It's the "old newcomer" to the RIA arena. While JavaFX consists of both JavaFX Mobile and JavaFX Script, here I'm referring to JavaFX Script. When I refer to JavaFX, I actually mean JavaFX Script. While JavaFX is a new language, it's based on mature Swing and JavaSE technologies. That's why I call it an "old newcomer."

History
Most people will agree that Java is excellent on the server side, but it was missing in action on the UI side. To be honest, Java does provide solid tools for building user interfaces: Swing and applets. However, using these technologies has been challenging and difficult. The look-and-feel available didn't help much either. To add to that, the JRE's download size (large), its start-up application speed, and its installation and updates (even Java experts can find it difficult to install and update Java) made it even more challenging to use Java to build Rich Internet Applications.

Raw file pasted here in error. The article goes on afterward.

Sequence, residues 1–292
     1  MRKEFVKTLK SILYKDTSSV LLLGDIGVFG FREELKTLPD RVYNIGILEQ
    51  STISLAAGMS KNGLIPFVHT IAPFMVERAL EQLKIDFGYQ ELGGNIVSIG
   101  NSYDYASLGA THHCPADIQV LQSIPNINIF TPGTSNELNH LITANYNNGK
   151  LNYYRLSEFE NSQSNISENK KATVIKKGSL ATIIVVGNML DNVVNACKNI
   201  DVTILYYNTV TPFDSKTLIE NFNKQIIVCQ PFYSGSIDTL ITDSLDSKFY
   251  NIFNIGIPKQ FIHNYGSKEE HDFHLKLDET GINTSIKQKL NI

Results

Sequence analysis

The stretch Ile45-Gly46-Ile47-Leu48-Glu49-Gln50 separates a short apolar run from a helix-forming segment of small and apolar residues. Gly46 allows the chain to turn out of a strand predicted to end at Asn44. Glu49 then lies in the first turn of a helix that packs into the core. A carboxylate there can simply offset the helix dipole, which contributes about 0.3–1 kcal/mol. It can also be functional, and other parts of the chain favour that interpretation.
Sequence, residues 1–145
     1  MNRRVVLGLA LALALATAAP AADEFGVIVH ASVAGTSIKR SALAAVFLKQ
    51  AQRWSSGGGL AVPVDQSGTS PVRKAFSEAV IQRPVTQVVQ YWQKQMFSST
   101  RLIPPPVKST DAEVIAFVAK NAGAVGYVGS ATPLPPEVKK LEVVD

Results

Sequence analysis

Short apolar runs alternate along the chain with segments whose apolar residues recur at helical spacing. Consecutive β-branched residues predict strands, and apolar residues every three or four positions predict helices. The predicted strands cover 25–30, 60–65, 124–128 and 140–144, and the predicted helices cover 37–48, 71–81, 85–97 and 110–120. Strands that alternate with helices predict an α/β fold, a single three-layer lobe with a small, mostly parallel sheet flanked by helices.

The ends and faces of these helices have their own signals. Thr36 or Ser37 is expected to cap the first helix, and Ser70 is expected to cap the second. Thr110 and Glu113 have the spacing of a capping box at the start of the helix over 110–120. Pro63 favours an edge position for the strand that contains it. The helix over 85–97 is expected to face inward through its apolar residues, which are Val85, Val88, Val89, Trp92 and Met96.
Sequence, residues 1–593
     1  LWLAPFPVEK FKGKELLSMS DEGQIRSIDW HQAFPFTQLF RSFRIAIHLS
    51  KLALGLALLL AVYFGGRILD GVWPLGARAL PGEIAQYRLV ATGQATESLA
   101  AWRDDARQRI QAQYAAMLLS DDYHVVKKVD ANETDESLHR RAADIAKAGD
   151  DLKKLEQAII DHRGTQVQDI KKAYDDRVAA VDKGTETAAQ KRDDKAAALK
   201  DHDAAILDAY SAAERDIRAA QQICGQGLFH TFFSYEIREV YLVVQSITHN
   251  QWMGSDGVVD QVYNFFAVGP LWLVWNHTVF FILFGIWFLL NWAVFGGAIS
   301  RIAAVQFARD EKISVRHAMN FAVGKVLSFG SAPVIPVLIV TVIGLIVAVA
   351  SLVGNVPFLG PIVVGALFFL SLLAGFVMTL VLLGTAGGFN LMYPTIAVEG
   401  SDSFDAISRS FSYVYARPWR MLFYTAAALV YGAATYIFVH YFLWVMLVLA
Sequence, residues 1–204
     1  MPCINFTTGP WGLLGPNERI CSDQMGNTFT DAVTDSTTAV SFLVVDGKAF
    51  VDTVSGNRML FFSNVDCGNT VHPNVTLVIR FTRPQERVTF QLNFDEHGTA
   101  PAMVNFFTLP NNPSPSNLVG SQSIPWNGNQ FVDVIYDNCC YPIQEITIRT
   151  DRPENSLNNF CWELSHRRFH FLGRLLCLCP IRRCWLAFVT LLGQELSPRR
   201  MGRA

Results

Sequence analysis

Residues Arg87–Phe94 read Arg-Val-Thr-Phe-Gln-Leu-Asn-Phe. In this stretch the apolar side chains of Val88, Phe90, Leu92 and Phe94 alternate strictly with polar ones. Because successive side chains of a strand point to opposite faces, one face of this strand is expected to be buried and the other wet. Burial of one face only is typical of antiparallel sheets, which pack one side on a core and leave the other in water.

JavaFX
So what is JavaFX? JavaFX is a declarative language for building rich user interfaces using Java. In a way it's Swing for the Web using a declarative scripting language, which makes it much simpler to develop user interfaces. Given that it's based on Swing, it comes with a ready-to-use set of UI components.

The upcoming JDK6 (Consumer JRE) will address the problems with the current Java runtime. To run a JavaFX application will require downloading a lightweight Java virtual machine (probably around 2MB-4MB). The application can be run in the browser (using a Java plug-in, similar to the Flash player) or outside the browser. Java FX applications running inside a Java virtual machine will be able to deliver richer and more interactive applications than possible via a browser interpreting only HTML and JavaScript.

The following is an example of the same sample application using a declarative JavaFX script. The model for the user interface is defined using the ButtonClickModel class.